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Portrait of Martin Leijnse; Photo: Kennet Ruona

Martin Leijnse

Professor, Member of NanoLund Management Group

Portrait of Martin Leijnse; Photo: Kennet Ruona

Tunnel spectroscopy of Majorana bound states in topological superconductor/quantum dot Josephson junctions


  • Guangyao Huang
  • Martin Leijnse
  • Karsten Flensberg
  • Hongqi Xu

Summary, in English

We theoretically investigate electronic transport through a junction where a quantum dot (QD) is tunnel coupled on both sides to semiconductor nanowires with strong spin-orbit interaction and proximity-induced superconductivity. The results are presented as stability diagrams, i.e., the differential conductance as a function of the bias voltage applied across the junction and the gate voltage used to control the electrostatic potential on the QD. A small applied magnetic field splits and modifies the resonances due to the Zeeman splitting of the QD level. Above a critical field strength, Majorana bound states (MBS) appear at the interfaces between the two superconducting nanowires and the QD, resulting in a qualitative change of the entire stability diagram, suggesting this setup as a promising platform to identify MBS. Our calculations are based on a nonequilibrium Green's function description and is exact when Coulomb interactions on the QD can be neglected. In addition, we develop a simple pictorial view of the involved transport processes, which is equivalent to a description in terms of multiple Andreev reflections, but provides an alternative way to understand the role of the QD level in enhancing transport for certain gate and bias voltages. We believe that this description will be useful in future studies of interacting QDs coupled to superconducting leads (with or without MBS), where it can be used to develop a perturbation expansion in the tunnel coupling.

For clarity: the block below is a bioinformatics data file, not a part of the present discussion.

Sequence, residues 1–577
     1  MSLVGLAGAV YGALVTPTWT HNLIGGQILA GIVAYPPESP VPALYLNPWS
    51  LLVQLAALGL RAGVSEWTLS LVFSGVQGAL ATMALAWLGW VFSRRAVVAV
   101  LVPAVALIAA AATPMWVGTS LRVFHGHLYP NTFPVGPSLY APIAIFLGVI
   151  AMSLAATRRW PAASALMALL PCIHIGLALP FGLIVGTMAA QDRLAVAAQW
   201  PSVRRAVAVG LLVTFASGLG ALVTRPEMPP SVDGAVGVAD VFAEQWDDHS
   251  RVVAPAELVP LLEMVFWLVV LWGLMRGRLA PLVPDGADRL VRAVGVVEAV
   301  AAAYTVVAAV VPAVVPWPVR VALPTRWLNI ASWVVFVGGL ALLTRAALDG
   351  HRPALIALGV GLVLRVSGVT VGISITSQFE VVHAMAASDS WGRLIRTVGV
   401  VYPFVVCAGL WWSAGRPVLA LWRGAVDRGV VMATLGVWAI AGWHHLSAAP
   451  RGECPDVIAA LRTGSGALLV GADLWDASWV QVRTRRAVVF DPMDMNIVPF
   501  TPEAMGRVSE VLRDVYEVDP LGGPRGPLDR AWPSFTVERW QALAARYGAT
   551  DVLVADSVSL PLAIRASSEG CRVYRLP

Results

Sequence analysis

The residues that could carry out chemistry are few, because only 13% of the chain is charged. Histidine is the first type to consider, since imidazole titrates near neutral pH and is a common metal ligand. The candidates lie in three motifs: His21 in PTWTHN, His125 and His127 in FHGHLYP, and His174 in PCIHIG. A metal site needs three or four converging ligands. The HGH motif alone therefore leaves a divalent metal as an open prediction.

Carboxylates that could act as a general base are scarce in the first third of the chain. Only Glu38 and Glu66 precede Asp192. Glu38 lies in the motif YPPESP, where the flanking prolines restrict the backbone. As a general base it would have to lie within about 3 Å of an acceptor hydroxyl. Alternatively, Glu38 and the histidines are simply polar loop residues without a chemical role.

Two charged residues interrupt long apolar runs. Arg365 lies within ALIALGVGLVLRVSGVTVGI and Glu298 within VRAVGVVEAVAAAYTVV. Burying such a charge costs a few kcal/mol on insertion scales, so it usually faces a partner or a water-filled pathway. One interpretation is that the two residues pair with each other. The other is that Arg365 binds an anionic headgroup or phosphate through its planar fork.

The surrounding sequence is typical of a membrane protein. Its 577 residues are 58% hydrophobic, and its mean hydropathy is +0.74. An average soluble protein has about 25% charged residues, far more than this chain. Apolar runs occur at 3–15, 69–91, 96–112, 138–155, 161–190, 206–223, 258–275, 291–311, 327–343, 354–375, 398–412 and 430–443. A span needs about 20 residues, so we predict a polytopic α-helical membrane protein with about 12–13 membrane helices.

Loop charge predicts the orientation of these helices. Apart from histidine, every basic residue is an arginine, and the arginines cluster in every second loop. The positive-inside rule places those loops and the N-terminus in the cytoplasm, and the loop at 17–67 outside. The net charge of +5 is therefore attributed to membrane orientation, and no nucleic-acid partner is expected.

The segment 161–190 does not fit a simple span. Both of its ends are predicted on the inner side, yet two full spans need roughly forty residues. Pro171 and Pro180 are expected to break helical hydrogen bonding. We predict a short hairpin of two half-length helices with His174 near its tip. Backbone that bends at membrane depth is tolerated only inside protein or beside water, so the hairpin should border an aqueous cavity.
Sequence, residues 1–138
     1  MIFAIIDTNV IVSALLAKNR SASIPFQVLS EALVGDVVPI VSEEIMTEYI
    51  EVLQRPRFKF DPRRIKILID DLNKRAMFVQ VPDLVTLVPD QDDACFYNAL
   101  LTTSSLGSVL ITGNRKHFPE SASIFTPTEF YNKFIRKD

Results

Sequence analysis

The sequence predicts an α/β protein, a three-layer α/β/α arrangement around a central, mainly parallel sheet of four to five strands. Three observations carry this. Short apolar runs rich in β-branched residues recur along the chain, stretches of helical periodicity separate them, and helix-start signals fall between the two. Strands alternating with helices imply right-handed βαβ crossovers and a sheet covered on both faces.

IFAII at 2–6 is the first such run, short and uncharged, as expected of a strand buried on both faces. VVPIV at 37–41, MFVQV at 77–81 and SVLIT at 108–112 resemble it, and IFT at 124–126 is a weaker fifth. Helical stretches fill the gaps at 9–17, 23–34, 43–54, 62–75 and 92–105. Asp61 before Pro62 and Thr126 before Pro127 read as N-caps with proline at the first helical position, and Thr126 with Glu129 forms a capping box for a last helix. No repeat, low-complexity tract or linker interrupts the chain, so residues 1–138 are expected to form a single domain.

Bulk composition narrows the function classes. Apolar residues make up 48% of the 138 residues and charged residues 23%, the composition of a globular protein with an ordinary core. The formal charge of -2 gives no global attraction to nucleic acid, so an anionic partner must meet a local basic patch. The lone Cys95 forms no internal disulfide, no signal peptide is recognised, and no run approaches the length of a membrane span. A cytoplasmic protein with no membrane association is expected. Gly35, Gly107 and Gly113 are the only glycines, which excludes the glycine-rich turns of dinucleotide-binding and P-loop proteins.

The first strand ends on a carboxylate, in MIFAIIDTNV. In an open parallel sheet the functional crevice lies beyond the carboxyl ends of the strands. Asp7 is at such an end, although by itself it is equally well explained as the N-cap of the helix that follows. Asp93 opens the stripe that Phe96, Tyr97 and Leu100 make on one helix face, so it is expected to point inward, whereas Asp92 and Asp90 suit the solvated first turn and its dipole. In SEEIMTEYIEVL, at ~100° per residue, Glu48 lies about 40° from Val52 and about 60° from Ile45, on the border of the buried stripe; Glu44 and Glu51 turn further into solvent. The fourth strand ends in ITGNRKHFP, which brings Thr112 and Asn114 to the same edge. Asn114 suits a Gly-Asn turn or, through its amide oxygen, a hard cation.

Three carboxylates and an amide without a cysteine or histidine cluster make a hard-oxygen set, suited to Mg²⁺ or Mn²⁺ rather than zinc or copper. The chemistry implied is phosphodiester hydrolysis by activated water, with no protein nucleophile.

• Solid State Physics
  • NanoLund: Center for Nanoscience

Publishing year





Physical Review B (Condensed Matter and Materials Physics)





Document type

Journal article


American Physical Society


  • Condensed Matter Physics




  • ISSN: 1098-0121